On this day we decided to drive through an area known as La Union and see what might be behind that large area of apartment complexes.  As we were driving I noticed a small dirt road and said to Renee, “Let’s see what’s down there.”  What we found was a hidden little area of houses with some of the most beautiful views I have seen.  The road got progressively worse as we went up and down a few hills.  The last hill we went down was pretty steep with a cliff on the driver’s side and a big hill shooting straight up on the passenger’s side.  As we came around a turn I was facing a hill that was steeper than the one I had just come down.  I tried to make it up the hill but as I got a little over half way up my tires would start spinning and I couldn’t make it.  I did not have enough room to turn around, so I tried backing up the hill I had come down but I kept sliding into the big ruts in the road and my tires would start spinning.  We were stuck!

After trying a few more times to get up each hill I decided it was time to call for help.  I really could not figure out how someone was going to be able to help us, but I thought maybe someone would have a winch and could help that way.  I called a good friend and tried to describe where we were.  Renee and I decided we better head out to the road we turned off of to be easier to find.  After a bit Waldis, our friend, found us and we jumped in his car to show him were ours was.  He drove part way and then parked and we walked to the car.  As we looked at the situation we walked up the hill in front of the car and there was a man and women sitting talking.  As Waldis talked to them they asked him why it was a problem.  He said that my car would not make it up the hill.  They told him that the small van at the top of the hill had just come up it.  He looked at me and said, “Give me your keys.”  I protested a little telling him I had already tried.  Waldis told me, “You have a big strong car…it is not a problem.”  With that he got in my car took off, much faster at the hill than I had, and went straight up it.  I stood there both amazed and embarrassed with my ego stung.

When Renee and I got in the car with Waldis I said to him, “I can’t believe you made it…I thought there was no way without something to help pull.”  He said, “Your car is powerful…you just had to go at the hill more strong and the car would take you up it.”

As we continued to drive around and laugh about our “big” adventure I begin to think maybe God was trying to teach me something.  I believe that God is always speaking to us and trying to teach us and grow us though situations.  As I thought more about this situation it hit me.  We have found ourselves in situations like this before, and may well again, where we can’t go back to something we had before, but the future we feel God calling us to is scary and uncertain.  What if I can’t do it?  What if I fall?

But don’t we serve a powerful God?  Psalm 29 says the POWER of the Lord is so mighty that His voice echoes above the sea, splits the mighty cedars, strikes like lightning bolts, makes the desert quake and can strip the forest bare.  Then it says that the Lord gives His people strength.  I think God was telling me that if He is calling us to something than He is expecting that we will trust that we have a powerful God driving us and we will not move slowly up the hill tentatively, but that we will charge forward running right at the hill with confidence not in ourselves but in the God we serve.  David did not stand back waiting for his challenge with Goliath, but instead charged forward onto the battlefield to meet him.  He was able to do this because of his confidence, not in his own abilities, but in the God he served.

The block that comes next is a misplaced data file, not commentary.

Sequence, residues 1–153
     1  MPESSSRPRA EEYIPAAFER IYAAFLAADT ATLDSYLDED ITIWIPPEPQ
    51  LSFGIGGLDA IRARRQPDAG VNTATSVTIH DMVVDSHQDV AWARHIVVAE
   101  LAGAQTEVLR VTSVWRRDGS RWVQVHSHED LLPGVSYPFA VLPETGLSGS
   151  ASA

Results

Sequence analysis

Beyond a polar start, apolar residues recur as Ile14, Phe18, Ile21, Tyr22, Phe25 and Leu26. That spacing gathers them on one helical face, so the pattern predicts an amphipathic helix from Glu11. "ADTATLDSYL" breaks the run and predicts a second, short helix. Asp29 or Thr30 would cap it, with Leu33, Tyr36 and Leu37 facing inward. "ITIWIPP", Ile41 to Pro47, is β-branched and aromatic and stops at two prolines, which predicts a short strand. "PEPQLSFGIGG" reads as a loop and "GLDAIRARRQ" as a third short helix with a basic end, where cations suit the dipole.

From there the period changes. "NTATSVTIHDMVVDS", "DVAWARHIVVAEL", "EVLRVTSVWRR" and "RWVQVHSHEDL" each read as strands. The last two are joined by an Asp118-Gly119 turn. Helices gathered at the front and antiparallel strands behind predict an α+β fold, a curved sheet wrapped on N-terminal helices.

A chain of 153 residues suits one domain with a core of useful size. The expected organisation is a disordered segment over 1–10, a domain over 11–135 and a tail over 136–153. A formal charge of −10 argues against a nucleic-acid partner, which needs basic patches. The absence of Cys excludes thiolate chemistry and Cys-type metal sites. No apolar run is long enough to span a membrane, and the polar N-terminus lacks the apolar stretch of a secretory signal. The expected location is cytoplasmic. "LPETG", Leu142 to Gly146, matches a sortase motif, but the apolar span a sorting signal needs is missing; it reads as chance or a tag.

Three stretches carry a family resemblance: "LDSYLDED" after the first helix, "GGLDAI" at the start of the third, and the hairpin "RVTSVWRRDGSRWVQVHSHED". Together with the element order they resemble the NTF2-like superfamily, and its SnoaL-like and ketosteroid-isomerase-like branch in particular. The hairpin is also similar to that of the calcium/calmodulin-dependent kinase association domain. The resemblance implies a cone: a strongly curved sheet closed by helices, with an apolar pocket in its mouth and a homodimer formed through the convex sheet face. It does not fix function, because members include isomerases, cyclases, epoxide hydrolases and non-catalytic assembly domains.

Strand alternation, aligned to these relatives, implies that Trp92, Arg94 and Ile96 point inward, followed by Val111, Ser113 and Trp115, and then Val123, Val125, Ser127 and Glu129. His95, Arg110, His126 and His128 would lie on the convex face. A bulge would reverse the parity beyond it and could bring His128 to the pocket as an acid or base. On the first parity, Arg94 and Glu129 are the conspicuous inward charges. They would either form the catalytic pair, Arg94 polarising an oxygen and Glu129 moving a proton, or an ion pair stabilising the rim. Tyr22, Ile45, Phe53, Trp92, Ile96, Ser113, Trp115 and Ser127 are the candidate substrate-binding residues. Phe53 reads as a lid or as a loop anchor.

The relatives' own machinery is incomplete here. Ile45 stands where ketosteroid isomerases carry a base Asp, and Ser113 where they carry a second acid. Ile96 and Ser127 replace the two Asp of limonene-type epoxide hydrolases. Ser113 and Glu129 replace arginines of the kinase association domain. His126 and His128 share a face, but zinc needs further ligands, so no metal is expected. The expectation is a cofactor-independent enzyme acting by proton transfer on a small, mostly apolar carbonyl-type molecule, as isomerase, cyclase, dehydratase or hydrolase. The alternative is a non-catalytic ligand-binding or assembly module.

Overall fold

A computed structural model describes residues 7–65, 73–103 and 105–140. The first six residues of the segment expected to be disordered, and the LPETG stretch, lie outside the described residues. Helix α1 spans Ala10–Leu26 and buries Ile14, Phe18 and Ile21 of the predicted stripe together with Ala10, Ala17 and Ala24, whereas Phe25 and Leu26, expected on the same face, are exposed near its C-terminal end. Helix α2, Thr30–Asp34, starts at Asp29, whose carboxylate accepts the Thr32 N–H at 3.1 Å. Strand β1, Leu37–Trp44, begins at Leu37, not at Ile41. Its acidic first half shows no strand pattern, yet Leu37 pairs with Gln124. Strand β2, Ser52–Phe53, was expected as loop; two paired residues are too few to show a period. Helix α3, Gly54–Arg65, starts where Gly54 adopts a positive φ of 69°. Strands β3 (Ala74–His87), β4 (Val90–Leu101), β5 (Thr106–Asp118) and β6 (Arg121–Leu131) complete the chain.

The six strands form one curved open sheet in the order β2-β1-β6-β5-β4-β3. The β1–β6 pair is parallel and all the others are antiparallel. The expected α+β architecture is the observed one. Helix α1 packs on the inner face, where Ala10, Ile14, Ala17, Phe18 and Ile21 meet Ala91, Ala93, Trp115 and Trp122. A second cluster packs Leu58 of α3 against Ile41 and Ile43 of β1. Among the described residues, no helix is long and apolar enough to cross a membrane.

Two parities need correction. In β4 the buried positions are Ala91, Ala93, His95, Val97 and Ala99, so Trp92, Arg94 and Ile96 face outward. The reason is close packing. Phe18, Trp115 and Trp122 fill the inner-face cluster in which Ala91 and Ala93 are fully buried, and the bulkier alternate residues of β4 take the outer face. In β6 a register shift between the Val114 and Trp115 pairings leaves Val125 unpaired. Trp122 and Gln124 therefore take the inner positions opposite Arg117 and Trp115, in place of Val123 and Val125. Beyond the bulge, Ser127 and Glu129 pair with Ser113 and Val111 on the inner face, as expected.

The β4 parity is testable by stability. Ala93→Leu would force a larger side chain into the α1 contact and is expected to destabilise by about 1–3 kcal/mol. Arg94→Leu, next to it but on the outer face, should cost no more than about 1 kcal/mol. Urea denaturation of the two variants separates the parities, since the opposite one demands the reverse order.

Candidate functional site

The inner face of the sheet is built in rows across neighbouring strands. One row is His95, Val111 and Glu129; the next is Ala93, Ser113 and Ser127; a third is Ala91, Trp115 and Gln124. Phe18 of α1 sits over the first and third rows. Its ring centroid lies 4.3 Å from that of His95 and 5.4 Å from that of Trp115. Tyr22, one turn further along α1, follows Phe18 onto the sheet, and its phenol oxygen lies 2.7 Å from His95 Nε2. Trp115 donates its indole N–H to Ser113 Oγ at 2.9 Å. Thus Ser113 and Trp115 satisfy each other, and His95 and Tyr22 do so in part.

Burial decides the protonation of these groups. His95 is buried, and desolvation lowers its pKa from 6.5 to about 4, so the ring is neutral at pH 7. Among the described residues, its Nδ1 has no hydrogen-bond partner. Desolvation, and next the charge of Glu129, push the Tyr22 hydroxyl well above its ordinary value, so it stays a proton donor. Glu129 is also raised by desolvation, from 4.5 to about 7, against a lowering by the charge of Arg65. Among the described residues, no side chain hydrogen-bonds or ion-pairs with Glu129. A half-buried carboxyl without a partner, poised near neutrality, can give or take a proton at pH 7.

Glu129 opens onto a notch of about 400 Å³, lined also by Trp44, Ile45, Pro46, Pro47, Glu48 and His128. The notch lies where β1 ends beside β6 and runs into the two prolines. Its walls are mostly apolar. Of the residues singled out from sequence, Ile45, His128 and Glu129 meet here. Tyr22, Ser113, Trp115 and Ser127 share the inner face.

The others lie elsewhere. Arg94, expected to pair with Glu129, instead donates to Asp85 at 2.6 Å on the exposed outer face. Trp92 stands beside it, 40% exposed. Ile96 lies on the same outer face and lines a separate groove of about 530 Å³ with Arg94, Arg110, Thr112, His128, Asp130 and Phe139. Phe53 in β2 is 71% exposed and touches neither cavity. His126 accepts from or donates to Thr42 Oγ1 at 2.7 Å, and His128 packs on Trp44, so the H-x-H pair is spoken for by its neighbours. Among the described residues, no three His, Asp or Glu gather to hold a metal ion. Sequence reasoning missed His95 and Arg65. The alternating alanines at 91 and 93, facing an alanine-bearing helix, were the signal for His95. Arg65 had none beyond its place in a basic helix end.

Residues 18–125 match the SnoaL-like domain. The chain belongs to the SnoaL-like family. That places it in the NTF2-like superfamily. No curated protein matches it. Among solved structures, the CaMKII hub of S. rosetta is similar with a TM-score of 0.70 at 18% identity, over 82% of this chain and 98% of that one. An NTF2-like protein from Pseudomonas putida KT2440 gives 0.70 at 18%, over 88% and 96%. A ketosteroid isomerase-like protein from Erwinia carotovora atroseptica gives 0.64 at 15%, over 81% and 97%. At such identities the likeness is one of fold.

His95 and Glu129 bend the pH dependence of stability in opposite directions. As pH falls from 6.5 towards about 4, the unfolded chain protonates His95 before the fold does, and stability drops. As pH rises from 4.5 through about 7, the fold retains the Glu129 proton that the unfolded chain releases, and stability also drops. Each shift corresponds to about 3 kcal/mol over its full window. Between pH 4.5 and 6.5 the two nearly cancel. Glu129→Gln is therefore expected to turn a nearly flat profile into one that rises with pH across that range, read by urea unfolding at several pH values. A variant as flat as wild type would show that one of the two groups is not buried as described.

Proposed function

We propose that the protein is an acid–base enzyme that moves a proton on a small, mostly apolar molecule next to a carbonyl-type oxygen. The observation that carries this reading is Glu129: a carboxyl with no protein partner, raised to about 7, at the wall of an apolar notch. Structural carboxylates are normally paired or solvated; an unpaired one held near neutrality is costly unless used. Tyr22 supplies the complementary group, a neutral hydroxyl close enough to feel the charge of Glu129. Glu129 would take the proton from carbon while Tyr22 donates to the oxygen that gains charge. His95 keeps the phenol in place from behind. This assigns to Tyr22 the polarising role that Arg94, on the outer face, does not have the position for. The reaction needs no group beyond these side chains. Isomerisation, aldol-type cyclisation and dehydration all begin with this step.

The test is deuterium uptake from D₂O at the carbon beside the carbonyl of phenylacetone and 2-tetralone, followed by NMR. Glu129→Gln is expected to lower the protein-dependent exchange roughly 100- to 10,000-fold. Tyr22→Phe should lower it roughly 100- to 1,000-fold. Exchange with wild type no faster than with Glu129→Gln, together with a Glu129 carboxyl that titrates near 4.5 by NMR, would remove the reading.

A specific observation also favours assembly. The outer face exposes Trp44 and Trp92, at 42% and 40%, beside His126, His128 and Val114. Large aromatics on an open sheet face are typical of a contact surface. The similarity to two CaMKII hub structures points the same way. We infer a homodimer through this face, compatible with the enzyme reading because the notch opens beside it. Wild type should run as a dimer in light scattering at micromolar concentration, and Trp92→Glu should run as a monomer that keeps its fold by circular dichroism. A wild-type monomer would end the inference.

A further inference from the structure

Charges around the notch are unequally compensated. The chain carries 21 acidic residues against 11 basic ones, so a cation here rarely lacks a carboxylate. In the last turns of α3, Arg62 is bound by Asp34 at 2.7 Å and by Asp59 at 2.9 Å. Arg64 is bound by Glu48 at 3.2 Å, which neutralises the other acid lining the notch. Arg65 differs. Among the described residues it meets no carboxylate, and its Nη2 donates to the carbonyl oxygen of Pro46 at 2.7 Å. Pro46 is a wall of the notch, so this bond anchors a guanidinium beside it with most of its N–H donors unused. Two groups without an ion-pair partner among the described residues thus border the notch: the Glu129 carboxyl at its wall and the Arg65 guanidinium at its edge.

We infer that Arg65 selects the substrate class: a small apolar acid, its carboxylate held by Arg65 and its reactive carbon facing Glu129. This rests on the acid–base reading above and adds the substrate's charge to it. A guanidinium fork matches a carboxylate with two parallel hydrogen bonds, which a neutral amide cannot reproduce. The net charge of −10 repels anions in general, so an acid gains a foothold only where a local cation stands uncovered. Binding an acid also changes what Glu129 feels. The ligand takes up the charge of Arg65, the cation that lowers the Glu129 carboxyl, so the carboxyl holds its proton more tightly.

If you have something that God is calling you to that may seem scary and unsure I want to encourage you to not walk forward in confidence, but to let out the battle cry CHARGE and RUN forward in confidence, Why? Because you serve the star breathing creator of the universe!!!!

– Chantz Cutts, Executive Director

Forever Changed

Monday, September 18th, 2017 and is filed under Uncategorized

IMG_3705-3138291281-O3As I think back to my trip to the Dominican Republic with Go MAD six weeks ago, it seems so far away and yet like I was there only yesterday.  I remember vividly our last night there, a Thursday evening, when Chantz asked us, “What are you going to do when you get home?”  I sat there and listened to everyone’s responses and can honestly say, I didn’t know.

Six weeks later, I still don’t know.

But I HAVE returned changed.

There are so many things that you would think would be at the forefront of my mind as I think back to our trip:  the children that we played with in Munoz and at the Bible study on Wednesday evening, the church where we witnessed God’s spirit as we participated in a Spanish speaking service, the rehabilitation facility where we met recovering addicts in the midst of godly men, the women in Ascension who passionately wanted us to purchase their jewelry, the 300 children that we helped feed on Friday morning, or (if I wanted to be selfish) the beautiful sunsets and amazing landscapes.